Paul treasures Timothy’s tears. I don’t know why Timothy was crying, whether it was something to do with his parting from Paul, or Paul’s imprisonment. Perhaps Timothy feared he would never see Paul again, Paul who died, in the end, at the hands of the Roman Empire. Perhaps Timothy’s tears were tears of joy, at the accomplishment of some great task, planting a church, defending the faith. But there is something in the words that follow that leads me to believe Timothy’s tears had to do with fear or pain.

Paul seems to be giving Timothy words of encouragement for some difficult task he was facing. He says, “For this reason I remind you to rekindle the gift of God that is within you through the laying on of my hands; for God did not give us a spirit of cowardice, but rather a spirit of power and of love and of self-discipline” (2 Tim. 1:6-7).

Rekindle, Paul says, the gift of God that is within you by the laying on of my hands. There’s a story behind this, and it sounds to me like a baptism story. The gift of God Paul alludes to here is surely faith… faith is the great treasure passed on to Timothy by his mother and grandmother and confirmed by Paul. Paul reminds Timothy that this faith brings with it the Spirit of God, available to equip him with all he needs… with power, with love, with self-discipline. This is our holy calling, Paul tells Timothy. We gratefully receive the grace of God, and we pass it on, like a precious family heirloom that we don’t want to be lost. We receive the tiniest smidgen of grace and faith… tiny as a little seed…as a splash of water… and we allow it to be implanted deep in us until it grows into something large enough to carry us through life, like some gorgeous balloon that can be lifted on the gentlest current of air. We receive the gift of grace and we allow it to come to life in us and we pass it on.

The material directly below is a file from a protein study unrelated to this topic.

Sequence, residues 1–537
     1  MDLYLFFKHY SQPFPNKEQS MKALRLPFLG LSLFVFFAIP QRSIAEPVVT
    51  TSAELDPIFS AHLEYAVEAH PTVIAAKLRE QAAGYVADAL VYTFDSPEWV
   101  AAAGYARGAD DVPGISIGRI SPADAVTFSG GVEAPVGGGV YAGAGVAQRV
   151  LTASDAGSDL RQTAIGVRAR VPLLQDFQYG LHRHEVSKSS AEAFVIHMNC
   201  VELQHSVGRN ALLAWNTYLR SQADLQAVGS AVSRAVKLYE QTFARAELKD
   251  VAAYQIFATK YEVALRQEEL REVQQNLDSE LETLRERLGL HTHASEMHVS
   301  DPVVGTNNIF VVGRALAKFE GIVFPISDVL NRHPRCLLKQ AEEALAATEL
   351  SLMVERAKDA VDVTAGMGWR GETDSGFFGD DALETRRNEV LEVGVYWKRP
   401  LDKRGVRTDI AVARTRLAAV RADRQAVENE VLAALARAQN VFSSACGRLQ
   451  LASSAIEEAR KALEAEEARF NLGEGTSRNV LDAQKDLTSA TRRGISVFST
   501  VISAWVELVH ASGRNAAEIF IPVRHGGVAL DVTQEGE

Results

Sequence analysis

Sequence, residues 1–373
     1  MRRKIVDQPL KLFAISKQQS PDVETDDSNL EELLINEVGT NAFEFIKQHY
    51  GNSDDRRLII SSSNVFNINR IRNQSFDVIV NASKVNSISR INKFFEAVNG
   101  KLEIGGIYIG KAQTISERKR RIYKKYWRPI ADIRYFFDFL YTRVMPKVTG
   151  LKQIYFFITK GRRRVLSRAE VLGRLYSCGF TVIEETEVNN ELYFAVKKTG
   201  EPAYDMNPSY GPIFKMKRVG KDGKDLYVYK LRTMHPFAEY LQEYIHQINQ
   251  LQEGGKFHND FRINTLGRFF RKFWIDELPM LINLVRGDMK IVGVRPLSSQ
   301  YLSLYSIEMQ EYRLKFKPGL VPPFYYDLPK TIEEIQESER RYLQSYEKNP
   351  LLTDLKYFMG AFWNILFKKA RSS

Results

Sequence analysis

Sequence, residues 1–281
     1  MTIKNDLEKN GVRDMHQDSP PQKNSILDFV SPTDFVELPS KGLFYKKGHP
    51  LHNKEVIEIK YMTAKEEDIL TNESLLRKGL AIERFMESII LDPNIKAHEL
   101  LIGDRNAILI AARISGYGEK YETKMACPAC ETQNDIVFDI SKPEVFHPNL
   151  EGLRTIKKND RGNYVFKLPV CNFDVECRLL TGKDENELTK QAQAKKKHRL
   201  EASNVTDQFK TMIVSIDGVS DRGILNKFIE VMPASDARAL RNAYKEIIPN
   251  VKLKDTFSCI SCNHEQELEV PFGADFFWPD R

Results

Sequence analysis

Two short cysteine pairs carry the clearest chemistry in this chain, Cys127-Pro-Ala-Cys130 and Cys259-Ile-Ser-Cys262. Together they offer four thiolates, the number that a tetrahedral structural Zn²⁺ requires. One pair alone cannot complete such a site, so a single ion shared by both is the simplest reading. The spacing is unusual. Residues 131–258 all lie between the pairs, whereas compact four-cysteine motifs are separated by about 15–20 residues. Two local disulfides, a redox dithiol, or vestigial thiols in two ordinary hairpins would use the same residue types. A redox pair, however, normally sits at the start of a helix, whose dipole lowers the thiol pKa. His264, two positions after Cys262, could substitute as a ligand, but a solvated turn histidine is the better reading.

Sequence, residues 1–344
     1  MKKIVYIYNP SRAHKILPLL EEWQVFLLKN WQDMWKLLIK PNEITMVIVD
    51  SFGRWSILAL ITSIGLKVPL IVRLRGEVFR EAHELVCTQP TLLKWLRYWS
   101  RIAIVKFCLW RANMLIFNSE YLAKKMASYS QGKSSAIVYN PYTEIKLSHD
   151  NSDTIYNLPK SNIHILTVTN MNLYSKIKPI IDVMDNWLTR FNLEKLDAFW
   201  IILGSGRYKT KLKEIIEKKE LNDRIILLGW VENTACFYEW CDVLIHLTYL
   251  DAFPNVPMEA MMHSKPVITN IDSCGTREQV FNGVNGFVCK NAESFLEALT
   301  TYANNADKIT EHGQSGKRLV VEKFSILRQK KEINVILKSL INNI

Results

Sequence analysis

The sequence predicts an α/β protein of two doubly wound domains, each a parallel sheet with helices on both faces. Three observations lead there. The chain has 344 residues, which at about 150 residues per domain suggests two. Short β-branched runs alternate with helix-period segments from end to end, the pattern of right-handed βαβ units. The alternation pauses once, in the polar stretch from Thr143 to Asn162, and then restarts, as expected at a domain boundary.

There is a mysterious way in which we choose and don’t choose baptism, in which we choose and don’t choose faith. Paul didn’t choose it… quite the opposite. God famously knocked him to the ground and took away his eyesight for three days before he turned, grateful and weeping, to Jesus. Baby didn’t choose it, as far as we know, but his parents have chosen to pass on this treasure given to them, perhaps by mothers and fathers, grandmothers and grandfathers. Baby's family chose baptism for him. And, in a mysterious way, God chose baptism for Baby, and Baby for baptism. This is the definition of grace, this is why we Presbyterians baptize infants who are capable of deciding nothing more complicated than when to give in to sleep or to holler that they are uncomfortable. God chooses us long before we are capable of choosing God.

On this World Communion Sunday, the knowledge that God chooses us, outside of our own capacities and capabilities, awakens another kind of knowledge in our hearts. The fact that God chose us for grace before we were capable of choosing for ourselves hints at something alluded to in our other reading this morning. Luke is being typically inscrutable today, but he offers, for the most fleeting moment, another miniscule parable of grace: the improbable image of the slave coming in from the field to be welcomed to the table by the master.